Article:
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The WordPress REST API is a programming interface that allows developers to interact with WordPress websites using HTTP requests to access and manipulate data. It allows third-party applications, such as mobile apps or “headless” WordPress websites, to communicate with your site.
In this guide, you’ll learn how to use W3 Total Cache Pro to enable server-side caching for REST responses, and why it’s important for scaling the performance of your website.
Why caching the WordPress REST API is important
To understand why caching the REST API is important, let’s examine a common use case for the REST API, a “headless” WordPress installation.
In a headless WordPress installation, the WordPress REST API is used to retrieve content from the back-end, which can then be displayed on the front-end using a different technology, such as React, Angular, or Vue. This allows developers to build highly customized and interactive front-ends that are not limited by the capabilities of the WordPress theme system.
Typically, the front-end will be served from a CDN, while the content is fetched from the back-end on request. Typically this result is cached on the CDN, but in large or high-traffic instances, the strain on the back-end to serve these requests may result in slower performance or even overload the server’s resources.
That’s where W3 Total Cache comes in. By keeping a static cache of REST responses, both response time and server resources are drastically reduced.
How to enable WordPress REST API caching in W3 Total Cache Pro
- First, enable Page Caching and select a Page Cache Method in the General Settings menu.
- Then, navigate to the Page Cache menu and enable the REST API Cache.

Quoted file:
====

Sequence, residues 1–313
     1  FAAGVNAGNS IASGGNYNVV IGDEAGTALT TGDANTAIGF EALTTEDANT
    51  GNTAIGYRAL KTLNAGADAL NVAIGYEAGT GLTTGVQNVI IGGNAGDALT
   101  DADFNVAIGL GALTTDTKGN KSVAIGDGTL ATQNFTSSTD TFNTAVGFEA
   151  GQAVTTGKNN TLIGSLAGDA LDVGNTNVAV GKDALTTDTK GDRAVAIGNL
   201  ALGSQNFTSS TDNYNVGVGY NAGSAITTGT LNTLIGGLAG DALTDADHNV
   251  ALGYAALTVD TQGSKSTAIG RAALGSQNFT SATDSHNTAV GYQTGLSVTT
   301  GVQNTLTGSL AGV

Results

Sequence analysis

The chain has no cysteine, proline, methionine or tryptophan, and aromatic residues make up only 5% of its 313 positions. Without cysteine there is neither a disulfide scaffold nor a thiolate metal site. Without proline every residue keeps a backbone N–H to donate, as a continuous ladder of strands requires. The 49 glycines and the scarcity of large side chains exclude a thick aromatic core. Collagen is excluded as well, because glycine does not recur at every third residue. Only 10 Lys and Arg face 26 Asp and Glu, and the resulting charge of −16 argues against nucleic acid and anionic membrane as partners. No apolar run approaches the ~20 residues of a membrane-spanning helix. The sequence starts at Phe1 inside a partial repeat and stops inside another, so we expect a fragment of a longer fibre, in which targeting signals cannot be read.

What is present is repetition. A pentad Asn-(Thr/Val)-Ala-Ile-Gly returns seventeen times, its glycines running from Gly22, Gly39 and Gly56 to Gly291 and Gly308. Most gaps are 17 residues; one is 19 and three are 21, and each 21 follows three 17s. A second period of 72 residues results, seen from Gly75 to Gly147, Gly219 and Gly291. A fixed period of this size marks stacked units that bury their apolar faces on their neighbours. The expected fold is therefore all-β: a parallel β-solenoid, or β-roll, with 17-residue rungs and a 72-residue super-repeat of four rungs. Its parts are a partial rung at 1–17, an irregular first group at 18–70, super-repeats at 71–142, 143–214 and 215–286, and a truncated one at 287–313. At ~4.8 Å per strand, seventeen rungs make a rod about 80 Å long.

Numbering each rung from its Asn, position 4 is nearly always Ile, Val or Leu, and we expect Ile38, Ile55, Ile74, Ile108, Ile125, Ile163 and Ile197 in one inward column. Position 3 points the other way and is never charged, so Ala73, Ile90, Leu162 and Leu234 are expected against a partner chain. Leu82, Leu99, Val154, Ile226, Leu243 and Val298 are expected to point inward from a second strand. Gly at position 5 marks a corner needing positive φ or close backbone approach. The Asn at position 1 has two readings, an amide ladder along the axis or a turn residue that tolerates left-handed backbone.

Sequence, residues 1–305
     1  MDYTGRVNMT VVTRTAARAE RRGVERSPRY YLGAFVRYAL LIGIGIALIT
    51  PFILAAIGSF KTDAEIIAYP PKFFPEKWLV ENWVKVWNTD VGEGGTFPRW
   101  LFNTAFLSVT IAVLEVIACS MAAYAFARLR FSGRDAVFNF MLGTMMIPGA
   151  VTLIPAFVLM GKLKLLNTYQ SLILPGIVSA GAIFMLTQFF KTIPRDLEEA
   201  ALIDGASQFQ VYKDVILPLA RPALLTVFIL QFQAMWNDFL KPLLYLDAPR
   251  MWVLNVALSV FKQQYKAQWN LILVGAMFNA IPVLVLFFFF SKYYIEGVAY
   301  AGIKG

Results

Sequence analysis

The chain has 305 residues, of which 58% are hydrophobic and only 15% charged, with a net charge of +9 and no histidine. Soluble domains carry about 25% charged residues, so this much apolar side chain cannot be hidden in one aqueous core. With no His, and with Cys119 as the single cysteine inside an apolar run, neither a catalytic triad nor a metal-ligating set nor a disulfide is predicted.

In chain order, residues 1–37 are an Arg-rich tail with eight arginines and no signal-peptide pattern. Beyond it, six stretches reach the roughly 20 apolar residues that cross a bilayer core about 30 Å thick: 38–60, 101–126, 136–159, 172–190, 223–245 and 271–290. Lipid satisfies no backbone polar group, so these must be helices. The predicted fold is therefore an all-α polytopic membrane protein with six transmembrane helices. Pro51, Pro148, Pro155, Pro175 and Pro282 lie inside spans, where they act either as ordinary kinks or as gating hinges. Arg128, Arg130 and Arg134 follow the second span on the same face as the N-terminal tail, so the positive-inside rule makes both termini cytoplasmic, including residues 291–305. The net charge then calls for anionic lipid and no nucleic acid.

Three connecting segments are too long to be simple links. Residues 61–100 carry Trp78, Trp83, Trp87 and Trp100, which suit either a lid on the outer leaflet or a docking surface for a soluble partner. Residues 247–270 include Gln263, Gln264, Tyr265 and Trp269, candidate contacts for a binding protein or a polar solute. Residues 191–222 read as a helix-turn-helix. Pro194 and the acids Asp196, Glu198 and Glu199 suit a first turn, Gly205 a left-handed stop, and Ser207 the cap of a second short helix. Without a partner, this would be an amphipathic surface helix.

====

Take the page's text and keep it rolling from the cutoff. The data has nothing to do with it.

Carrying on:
Settings for your REST API Cache will follow the same rules as other types of page caching, and are purged based on the Last Modified time of the query, and when you manually purge your caches.
How to test if your REST API cache is working correctly
You can easily test your REST API caching using your browser’s developer tools. We’ll use a couple of common REST routes in the following procedure. Check out the WordPress REST API Documentation for more routes you can use.
- In your WordPress Dashboard, use the Performance drop-down in the top toolbar and select Purge All Caches.
- Open an Incognito or Private Browsing Window and open the developer tools Network tab. In Chrome, the shortcut for this is Ctrl-Shift-i. In Firefox, use Ctrl-Shift-e.
- Paste the following URL into the browser window, and replace example.com with your website.
- Take note of the main request in the list, posts?_fields=id, excerpt, and the amount of time it took. In this example, it took 141ms to respond.
- Click on the request. Take note that the Date and Last-Modified times are the same since this is the first time the REST route has been requested since we purged the cache.
- Reload the page. Note that the response time has significantly decreased, in this example from 141ms to just 16ms, an improvement of 88.7%.
- Click on the request again, and note that the Date has changed to the current time, but the Last-Modified time has not changed.
- Finally, you can test that the cache is automatically purging whenever the feed has changed by adding a new post to your site and reloading the page in the same incognito browser. You’ll note that the Last-Modified time will correspond to the moment you published your newest post.
How to exclude REST routes from the Page Cache
Because REST responses are cached based on Last-Modified times, you should be able to enable REST caching for most, if not all, of your routes. However, if you find that you need to keep certain routes out of your cache so that they are always dynamically generated, you can do so.
Navigate to the Advanced section of the Page Cache menu, and locate the Never cache the following pages field. This field supports regular expressions so you can fine-tune the exception list as much as you need.
For example, if we want to prevent caching of the Posts route used in the testing examples above, add the following to the field:
Then, you can perform the same testing procedure outlined above to make sure that your response is always fresh. Note that the response times are consistent, and the Last-Modified and Etag headers are missing from the responses.
Any website that uses the WordPress REST API to deliver content can benefit from caching REST responses. If you have any questions about REST API caching, please post a comment below or contact us on our Support Forums.
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